It would be plausible that any writer who fought in World War I and lived through World War II would have something to say about nation-building. Should a Christian find some personal identity in one’s country? I found two occasions where Lewis talks about this practical issue. One occasion is a letter dated May 25, 1951. The other, more lengthy explanation, is in The Four Loves, where it’s tucked into the chapter, “Likings and Loves for the Sub-human.”His 1951 letter briefly touches on the idea of patriotism as tied to what is common and familiar. Lewis says, “I think love for one’s country means chiefly love for people who have a good deal in common with oneself (language, clothes, institutions) and in that is very like love of one’s family or school: or like love (in a strange place) for anyone who once lived in one’s home town.” As you know, Lewis has his eye on something larger. He goes on to say, “And it is good, because any natural help towards our spiritual duty of loving is good and God seems to build our higher loves round our merely natural impulses — sex, maternity, kinship, old acquaintance etc.”
In The Four Loves (1960), he elaborates on this idea of place as one of five layers that can be forms or degrees of patriotism. “With this love for the place,” he says, “there goes a love for the way of life; for beer and tea and open fires, trains with compartments in them and an unarmed police force and all the rest of it; for the local dialect and (a shade less) for our native language.” He then references Chesterton: “As Chesterton says, a man’s reasons for not wanting his country to be ruled by foreigners are very like his reasons for not wanting his house to be burned down; because he ‘could not even begin’ to enumerate all the things he would miss.”
Patriotism in its best sense builds on the love we feel in a family with a sense of loving those outside – our neighbors. Jesus commands us to love our neighbors and that begins next door, on our street, at the community center. Lewis says that this produces the “spiritual muscles which Grace may later put to a higher service.” In the best circumstances, we also realize that others in other countries feel the same way about their country, and there’s a leveled respect for, “the Frenchmen like café complet just as we like bacon and eggs,” because, as Lewis says, “It would not be home unless it were different.”
Our attitude about the past formulates the second ingredient of patriotism. Lewis means those great stories that live on in our imagination, the ones who anchor us and also, “impose an obligation and to hold out an assurance.” We know that the reality of any country’s history is dotted with good and likely smeared with evil, but unbridled cynicism is not the solution. Lewis says that he thinks it’s, “possible to be strengthened by the image of the past without being either deceived or puffed up.” He suggests that the heroic stories ought to be passed down so that our imaginations might be stoked, not in a form of indoctrination that poisons our opinions, but as stories unto their own. “The schoolboy who hears them should dimly feel,” Lewis says, “–though of course he cannot put it into words—that he is hearing saga. Let him be thrilled—preferably “out of school”—by the “Deeds that won the Empire”; but the less we mix this up with his “history lessons” or mistake it for a serious analysis—worse still, a justification—of imperial policy, the better.”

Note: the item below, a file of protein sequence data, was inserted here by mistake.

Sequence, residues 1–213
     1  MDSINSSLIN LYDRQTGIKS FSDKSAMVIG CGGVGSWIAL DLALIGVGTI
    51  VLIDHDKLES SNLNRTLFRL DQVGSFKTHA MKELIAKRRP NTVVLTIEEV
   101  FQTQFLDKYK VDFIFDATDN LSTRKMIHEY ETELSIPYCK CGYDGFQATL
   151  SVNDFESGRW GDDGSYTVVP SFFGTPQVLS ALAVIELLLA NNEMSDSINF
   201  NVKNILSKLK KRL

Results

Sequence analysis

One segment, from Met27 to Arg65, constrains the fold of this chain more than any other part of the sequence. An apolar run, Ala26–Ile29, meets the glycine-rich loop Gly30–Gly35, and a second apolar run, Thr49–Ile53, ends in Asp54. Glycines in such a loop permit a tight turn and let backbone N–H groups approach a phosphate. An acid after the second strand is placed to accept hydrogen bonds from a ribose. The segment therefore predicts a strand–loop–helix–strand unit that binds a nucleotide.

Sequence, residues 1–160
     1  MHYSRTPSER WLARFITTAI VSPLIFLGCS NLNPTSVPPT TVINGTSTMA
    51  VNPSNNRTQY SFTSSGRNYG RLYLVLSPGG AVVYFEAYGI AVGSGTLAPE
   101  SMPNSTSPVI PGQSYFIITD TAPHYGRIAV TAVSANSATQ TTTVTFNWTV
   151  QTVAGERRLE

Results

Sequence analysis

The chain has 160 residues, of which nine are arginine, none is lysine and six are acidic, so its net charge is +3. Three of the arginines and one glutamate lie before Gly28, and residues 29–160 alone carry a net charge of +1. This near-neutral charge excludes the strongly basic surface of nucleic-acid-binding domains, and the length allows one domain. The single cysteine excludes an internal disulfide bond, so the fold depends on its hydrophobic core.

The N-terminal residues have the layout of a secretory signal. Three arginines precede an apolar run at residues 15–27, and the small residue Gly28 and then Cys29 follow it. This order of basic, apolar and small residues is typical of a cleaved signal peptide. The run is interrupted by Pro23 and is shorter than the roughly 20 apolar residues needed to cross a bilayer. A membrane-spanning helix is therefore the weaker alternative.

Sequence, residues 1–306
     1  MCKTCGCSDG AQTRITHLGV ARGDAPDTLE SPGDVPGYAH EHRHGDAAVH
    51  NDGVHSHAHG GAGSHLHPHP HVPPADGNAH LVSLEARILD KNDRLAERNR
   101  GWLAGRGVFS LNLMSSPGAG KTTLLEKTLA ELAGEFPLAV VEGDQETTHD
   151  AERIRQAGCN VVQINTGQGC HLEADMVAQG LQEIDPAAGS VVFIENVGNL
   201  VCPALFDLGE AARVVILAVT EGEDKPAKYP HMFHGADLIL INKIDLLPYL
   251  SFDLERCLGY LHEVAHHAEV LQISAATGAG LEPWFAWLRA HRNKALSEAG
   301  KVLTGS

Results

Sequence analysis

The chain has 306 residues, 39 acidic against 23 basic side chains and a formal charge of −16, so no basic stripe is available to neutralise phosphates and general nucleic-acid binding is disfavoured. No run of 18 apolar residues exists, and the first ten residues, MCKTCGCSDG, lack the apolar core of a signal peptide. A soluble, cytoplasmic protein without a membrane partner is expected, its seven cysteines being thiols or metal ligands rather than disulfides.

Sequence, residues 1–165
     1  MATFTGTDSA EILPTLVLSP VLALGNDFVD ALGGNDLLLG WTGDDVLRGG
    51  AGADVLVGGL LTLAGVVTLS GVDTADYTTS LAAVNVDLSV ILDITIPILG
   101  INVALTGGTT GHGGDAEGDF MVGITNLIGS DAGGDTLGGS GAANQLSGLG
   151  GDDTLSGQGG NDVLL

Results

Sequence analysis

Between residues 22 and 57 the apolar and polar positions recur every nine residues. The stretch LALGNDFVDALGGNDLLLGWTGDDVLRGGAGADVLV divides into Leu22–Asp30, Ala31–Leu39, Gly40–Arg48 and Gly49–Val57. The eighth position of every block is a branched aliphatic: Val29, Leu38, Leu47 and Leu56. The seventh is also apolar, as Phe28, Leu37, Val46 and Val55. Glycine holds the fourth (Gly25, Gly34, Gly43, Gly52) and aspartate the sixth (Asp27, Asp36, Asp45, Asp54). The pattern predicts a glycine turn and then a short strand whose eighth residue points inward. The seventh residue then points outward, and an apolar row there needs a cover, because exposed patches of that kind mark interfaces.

The third strand of patriotism is probably the most recognized. Lewis calls it, “a firm, even prosaic belief that our own nation, in sober fact, has long been, and still is markedly superior to all others.” This is certainly a form of patriotism that can steer us wrong over time, so to lose our judgment. It will likely not be something that happens immediately, but as experience sets in and bigotry often sits close by, we might become like the old clergyman that Lewis references, one who his country to have the bravest men and fairest women.
Fourthly, Lewis says that patriotism can have the ingredient of duty toward other countries, not out of kindness, but from a supposed position of power. This continues to cycle and Lewis points out that it doesn’t always bring negative results. There is certainly an alturistic side to England’s empire building as there is with the United States of today. But it can go very wrong. Lewis says,
Some nations who have also felt it have stressed the rights not the duties. To them, some foreigners were so bad that one had the right to exterminate them. Others, fitted only to be hewers of wood and drawers of water to the chosen people, had better be made to get on with their hewing and drawing. Dogs, know your betters! I am far from suggesting that the two attitudes are on the same level. But both are fatal. Both demand that the area in which they operate should grow “wider still and wider”. And both have about them this sure mark of evil: only by being terrible do they avoid being comic. If there were no broken treaties with Redskins, no extermination of the Tasmanians, no gas-chambers and no Belsen, no Amritsar, Black and Tans or Apartheid, the pomposity of both would be roaring farce.
Finally, there’s a point where patriotism bleeds lawlessness. “When the natural loves become lawless,” Lewis says, “they do not merely do harm to other loves; they themselves cease to be the loves they were—to be loves at all.”
These layers don’t necessarily build in a systematic way, but they can. At root, there seems to be the simple want and love for home, for place. And sometimes that place becomes threatened and needs to be defended. We might stand up on moral grounds of justice or we might blend it with the sentiment of patriotism about our country. Lewis thinks the latter carries a stronger reflection of sentimentality, I suspect because it has a rootedness that mere ethics ignore.